Vaccination and vaccines for COVID-19

The Coronavirus Pandemic and the Future: Virology, Epidemiology, Translational Toxicology and Therapeutics

An overview of vaccination and vaccine development historically and in the context of the COVID-19, including a summay of the biology and immune response demonstrated from previous coronavirus infections and SARS-CoV-2 and the challenges associated with vaccine production in a pandemic.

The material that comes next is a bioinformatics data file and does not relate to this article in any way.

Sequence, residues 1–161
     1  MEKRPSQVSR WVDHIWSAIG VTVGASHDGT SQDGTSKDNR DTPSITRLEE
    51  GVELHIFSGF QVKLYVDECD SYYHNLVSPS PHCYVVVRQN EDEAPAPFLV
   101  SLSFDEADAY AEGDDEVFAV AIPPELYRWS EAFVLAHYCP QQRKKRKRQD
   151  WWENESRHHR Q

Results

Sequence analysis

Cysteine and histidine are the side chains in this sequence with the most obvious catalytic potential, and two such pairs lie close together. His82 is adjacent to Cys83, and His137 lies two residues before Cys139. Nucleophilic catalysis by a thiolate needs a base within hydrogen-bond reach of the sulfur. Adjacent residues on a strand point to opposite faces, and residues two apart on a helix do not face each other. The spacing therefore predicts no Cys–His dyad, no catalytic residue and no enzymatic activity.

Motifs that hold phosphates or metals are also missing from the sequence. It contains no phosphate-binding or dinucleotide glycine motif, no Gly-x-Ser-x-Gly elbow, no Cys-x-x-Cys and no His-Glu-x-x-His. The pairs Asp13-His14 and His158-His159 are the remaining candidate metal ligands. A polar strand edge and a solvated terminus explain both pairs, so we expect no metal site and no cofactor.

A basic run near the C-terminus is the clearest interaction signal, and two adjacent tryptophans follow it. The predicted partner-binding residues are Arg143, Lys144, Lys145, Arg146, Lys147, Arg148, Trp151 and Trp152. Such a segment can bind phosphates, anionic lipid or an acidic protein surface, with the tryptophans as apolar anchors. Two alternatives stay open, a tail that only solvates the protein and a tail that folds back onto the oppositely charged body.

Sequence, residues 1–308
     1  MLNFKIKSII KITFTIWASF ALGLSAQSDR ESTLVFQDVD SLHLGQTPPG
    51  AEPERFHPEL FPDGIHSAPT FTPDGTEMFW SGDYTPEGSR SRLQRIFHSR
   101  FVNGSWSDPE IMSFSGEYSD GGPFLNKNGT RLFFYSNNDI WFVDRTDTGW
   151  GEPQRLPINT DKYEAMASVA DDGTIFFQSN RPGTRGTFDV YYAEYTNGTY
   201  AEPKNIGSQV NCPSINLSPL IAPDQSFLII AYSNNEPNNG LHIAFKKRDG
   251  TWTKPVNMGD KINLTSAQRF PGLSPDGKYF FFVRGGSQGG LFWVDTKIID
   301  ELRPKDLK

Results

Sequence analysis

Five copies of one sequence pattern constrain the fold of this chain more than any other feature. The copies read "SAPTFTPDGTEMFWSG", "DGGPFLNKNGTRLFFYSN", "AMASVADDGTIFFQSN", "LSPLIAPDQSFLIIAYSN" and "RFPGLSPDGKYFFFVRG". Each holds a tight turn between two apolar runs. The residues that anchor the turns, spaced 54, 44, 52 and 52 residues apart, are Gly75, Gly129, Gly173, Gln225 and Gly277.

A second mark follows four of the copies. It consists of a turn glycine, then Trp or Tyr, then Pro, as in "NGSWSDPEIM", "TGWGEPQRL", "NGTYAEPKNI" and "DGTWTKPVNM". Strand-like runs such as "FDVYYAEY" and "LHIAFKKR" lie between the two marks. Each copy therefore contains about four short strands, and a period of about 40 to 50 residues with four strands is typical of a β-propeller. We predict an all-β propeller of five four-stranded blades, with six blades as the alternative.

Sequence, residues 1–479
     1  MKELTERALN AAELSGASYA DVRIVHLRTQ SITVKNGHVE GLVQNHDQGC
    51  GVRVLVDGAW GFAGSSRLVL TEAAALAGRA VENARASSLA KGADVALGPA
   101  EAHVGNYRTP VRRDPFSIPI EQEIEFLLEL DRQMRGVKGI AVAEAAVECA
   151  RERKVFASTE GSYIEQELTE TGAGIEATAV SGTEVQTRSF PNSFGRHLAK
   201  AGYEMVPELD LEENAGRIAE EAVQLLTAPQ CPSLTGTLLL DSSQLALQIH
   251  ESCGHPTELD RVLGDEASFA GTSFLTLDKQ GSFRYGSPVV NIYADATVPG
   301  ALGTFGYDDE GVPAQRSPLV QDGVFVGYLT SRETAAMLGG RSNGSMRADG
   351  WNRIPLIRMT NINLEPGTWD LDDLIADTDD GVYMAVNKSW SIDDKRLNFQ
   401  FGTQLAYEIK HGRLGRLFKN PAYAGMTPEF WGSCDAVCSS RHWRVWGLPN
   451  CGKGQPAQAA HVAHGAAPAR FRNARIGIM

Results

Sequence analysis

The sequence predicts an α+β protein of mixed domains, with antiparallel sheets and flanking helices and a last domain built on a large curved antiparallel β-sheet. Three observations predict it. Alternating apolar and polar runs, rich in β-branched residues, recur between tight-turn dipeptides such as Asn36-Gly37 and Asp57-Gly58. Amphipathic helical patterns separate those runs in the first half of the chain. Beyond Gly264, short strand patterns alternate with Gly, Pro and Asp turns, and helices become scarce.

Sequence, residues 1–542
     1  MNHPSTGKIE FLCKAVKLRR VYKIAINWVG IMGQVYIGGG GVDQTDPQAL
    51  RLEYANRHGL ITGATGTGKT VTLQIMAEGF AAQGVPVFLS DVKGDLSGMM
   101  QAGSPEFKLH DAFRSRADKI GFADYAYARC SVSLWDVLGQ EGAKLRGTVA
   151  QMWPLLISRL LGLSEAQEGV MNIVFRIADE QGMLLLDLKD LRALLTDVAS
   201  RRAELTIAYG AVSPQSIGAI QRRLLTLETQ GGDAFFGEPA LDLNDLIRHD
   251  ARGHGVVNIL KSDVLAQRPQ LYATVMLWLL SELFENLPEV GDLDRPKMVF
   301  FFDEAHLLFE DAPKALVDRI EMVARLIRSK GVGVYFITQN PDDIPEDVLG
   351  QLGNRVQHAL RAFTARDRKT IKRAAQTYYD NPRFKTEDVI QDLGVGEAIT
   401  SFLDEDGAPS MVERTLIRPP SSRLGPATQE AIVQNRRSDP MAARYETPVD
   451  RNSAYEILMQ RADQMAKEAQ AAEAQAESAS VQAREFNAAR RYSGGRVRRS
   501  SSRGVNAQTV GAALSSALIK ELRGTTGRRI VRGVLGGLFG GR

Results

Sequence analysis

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This chapter discusses vaccination and vaccine development historically and in the context of the COVID-19 pandemic. It describes the process of traditional vaccine development, summarizes the biology and immune response demonstrated from previous coronavirus infections and SARS-CoV-2. It outlines the challenges associated with vaccine production in a pandemic amd examines the various platforms being utilized for COVID-19 vaccine candidates. In addition, the question of whether mutations in the spike protein might affect the efficacy of a vaccine is addressed as also are potential problems that may arise by fast-tracking vaccine production. Vaccine development has typically taken up to 15 years, but with fast tracking it is hoped to reduce this to 1.5 years or less thus potentially raising concerns over public acceptance as well as concerns regarding challenges from anti-vaxxers. While there are over 100 vaccines currently in clinical trials, this chapter will focus on the vaccines that have gained approval by the drug regulators for emergency usage. Although the production capacity may not be able to meet the global demand for vaccines in the very near future, it would be beneficial to have a limited number of vaccines available for emergency use and the more vulnerable population as soon as possible with the ultimate aim of distributing vaccines globally to the rest of the population by the end of 2021.

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